External SSDs not suitable for large file transfers?  

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  1. Posts : 565
    Windows 10 Professional 64-bit
    Thread Starter
       #11

    Thanks for all replies. Anibor and muchomurka replies both support what is happening in my case. It seems to be a combination of both SSD and CPU thermal throttling. External SSDs, being compact, cannot dissipate the heat efficiently. The bottom line is that, in my case, using an external HDD is better than using an external SSD for copying 60GB image files to. The HDD speed is slower, but it is maintained with no drop-off in speed, resulting in faster task completion overall. This does not apply as much to internal SSDs since they have better heat dissipation.

    I'll call this "Solved" and thank you all again.
      My Computers


  2. Posts : 11,247
    Windows / Linux : Arch Linux
       #12

    muchomurka said:
    Rather CPU thermal throttling than SSD one... or other CPU/mobo problem. Copying 100+ GB file between SSDs without problems.
    Attachment 263506
    Hi there

    @wiganken

    regularly copying 80 - 100GB files to external SSD -- never a problem --even boot up some Linux OS'es on them running Virtual Machines with 2 Windows versions -- all via a USB3-->Sata adapter.

    Never heard of SSD's being a problem for file transfers of any kind -- also no moving parts and low power so I'm not sure how much heat should be generated.

    I/O also isn't an activity that causes much load on the CPU -- in any case I/O is done at times when the CPU isn't busy on other tasks.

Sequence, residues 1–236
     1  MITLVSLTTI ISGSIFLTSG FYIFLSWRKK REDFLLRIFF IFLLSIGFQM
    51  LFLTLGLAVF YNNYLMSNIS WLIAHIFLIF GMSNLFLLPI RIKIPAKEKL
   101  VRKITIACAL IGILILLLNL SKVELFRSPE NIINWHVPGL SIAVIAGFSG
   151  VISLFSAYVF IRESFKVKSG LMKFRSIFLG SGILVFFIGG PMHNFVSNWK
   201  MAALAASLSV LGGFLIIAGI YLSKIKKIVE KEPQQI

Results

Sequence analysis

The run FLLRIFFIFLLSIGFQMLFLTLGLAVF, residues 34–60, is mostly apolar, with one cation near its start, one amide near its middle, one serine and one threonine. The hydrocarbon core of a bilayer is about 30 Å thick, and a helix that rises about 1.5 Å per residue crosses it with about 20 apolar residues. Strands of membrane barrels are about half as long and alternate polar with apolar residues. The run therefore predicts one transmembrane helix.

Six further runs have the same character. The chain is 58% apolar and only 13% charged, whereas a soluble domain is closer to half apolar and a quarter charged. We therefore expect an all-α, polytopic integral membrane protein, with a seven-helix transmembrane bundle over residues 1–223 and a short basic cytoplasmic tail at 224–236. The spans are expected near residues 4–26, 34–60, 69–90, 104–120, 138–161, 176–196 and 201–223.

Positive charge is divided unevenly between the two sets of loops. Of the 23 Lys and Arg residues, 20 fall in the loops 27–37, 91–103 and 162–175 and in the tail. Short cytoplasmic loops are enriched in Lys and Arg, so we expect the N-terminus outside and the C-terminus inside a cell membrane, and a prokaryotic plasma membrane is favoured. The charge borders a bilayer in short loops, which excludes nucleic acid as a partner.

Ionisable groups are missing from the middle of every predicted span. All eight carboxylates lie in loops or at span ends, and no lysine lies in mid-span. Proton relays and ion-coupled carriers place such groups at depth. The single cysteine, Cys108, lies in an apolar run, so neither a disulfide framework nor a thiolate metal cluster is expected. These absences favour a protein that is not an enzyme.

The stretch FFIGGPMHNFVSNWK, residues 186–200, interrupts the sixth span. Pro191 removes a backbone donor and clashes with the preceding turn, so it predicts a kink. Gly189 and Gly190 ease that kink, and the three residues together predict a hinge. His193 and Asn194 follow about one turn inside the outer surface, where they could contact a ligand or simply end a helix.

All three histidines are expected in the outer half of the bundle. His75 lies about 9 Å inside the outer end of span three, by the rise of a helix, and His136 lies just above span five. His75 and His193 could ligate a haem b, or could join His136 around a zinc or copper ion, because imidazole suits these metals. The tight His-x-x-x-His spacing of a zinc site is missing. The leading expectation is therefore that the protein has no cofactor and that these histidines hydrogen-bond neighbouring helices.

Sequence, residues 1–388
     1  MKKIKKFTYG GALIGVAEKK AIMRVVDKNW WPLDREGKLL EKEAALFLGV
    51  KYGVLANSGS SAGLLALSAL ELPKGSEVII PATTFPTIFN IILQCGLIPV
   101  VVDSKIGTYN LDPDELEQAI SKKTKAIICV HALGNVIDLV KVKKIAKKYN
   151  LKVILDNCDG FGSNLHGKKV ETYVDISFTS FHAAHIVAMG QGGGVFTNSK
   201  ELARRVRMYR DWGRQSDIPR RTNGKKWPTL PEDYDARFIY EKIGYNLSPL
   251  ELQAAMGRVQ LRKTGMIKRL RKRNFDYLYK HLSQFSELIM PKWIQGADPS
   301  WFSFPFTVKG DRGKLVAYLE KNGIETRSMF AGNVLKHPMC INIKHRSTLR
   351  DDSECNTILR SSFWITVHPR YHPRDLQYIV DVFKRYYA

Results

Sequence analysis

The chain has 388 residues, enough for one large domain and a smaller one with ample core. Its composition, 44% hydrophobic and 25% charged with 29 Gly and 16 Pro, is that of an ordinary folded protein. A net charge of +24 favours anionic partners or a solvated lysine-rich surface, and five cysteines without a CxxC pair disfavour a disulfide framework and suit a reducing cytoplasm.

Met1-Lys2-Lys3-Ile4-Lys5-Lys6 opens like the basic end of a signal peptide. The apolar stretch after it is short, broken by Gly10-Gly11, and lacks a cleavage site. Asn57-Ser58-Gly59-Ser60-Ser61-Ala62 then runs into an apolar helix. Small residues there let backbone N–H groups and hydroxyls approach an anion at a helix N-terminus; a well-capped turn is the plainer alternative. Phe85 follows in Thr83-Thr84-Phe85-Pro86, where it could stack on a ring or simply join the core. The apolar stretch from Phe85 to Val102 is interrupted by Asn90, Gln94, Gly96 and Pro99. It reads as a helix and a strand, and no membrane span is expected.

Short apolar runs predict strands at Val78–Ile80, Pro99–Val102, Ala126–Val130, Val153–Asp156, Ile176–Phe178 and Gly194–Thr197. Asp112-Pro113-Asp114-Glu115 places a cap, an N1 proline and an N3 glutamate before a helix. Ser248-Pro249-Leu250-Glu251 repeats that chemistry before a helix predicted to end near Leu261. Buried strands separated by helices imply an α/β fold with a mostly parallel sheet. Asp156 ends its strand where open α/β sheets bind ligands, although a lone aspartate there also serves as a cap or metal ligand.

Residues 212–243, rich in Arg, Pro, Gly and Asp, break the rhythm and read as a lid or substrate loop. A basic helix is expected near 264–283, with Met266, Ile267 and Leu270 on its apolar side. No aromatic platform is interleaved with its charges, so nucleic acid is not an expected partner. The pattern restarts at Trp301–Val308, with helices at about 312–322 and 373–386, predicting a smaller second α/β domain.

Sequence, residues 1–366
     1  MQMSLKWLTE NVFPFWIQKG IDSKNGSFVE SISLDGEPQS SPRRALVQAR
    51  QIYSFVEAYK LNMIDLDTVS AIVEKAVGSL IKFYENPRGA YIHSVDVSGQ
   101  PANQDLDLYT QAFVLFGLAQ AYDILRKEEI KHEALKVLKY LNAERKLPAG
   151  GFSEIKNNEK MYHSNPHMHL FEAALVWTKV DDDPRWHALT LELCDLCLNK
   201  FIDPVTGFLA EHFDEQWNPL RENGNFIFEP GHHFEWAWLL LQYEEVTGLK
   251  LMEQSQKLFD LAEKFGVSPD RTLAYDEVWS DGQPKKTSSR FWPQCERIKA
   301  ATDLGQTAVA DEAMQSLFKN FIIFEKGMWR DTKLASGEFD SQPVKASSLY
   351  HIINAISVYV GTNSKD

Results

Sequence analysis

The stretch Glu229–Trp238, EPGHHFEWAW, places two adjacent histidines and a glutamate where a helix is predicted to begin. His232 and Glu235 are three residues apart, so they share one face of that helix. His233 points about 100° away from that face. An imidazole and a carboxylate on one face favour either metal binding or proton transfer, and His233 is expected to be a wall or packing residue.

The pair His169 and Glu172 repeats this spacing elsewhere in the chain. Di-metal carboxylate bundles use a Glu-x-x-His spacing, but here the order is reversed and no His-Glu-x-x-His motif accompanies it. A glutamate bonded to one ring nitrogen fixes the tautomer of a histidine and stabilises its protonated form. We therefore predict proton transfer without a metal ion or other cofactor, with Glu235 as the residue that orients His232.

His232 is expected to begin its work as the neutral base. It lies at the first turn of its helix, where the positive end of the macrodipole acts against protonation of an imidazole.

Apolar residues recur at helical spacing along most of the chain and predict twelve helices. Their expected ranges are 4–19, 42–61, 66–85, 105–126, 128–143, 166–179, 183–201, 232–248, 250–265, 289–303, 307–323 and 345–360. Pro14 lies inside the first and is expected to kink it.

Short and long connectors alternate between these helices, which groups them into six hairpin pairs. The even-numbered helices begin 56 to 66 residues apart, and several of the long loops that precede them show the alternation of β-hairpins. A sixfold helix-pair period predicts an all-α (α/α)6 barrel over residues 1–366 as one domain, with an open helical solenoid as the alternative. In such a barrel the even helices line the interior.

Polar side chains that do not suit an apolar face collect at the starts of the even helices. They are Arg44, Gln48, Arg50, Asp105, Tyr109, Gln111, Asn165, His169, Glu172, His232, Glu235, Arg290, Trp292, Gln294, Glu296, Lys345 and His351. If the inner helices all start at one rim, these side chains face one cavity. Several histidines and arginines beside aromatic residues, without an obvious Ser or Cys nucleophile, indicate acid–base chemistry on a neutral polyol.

I suspect there's probably something wrong with how you've attached the external SSD --it's also unnecssary if you use usb3-->sata adapter to have a powered USB slot although that won't do any harm.

    If your I/O drops as low as 24Mbs you've definitely either got defective hardware or the OS is going bonkers.

    Cheers
    jimbo
      My Computer


  3. Posts : 565
    Windows 10 Professional 64-bit
    Thread Starter
       #13

    Thanks jimbo. Yes the PNY could have been defective. As "Helmut" says the PNY is at the cheap end of the market so I may try another, better quality, 500GB SSD. I could always return it if it is also defective. I don't need an SSD. It's just that I wanted one because they are supposed to be a lot faster and I reckon I have had a bad experience with the PNY.

    You say you are "regularly copying 80 - 100GB files to external SSD - never a problem" so can you say which external SSD you are using and is it connected via USB 3.0? Thanks.
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  4. Posts : 11,247
    Windows / Linux : Arch Linux
       #14

    wiganken said:
    Thanks jimbo. Yes the PNY could have been defective. As "Helmut" says the PNY is at the cheap end of the market so I may try another, better quality, 500GB SSD. I could always return it if it is also defective. I don't need an SSD. It's just that I wanted one because they are supposed to be a lot faster and I reckon I have had a bad experience with the PNY.

    You say you are "regularly copying 80 - 100GB files to external SSD - never a problem" so can you say which external SSD you are using and is it connected via USB 3.0? Thanks.
    Hi there @wiganken

    I'm using some quite old "surplus to requirements" SSD's , the older samsung 850 evo (still a decent performer) and the real "el cheapo's" Kingston ones. (Even these perform OK for USB3 connection).

    Connection is via a sabrent USB3-->Sata adapter but any will do -- you don't need to enclose the SSD's --just "leave them hanging" just like say a USB stick. USB3 used on the computer of course.

    Cheers
    jimbo
      My Computer


  5. Posts : 565
    Windows 10 Professional 64-bit
    Thread Starter
       #15

    The samsung 850 evo is an internal SSD isn't it? I am talking about external SSDs so do you mean you are using the samsung 850 evo in an enclosure connected via USB 3.0?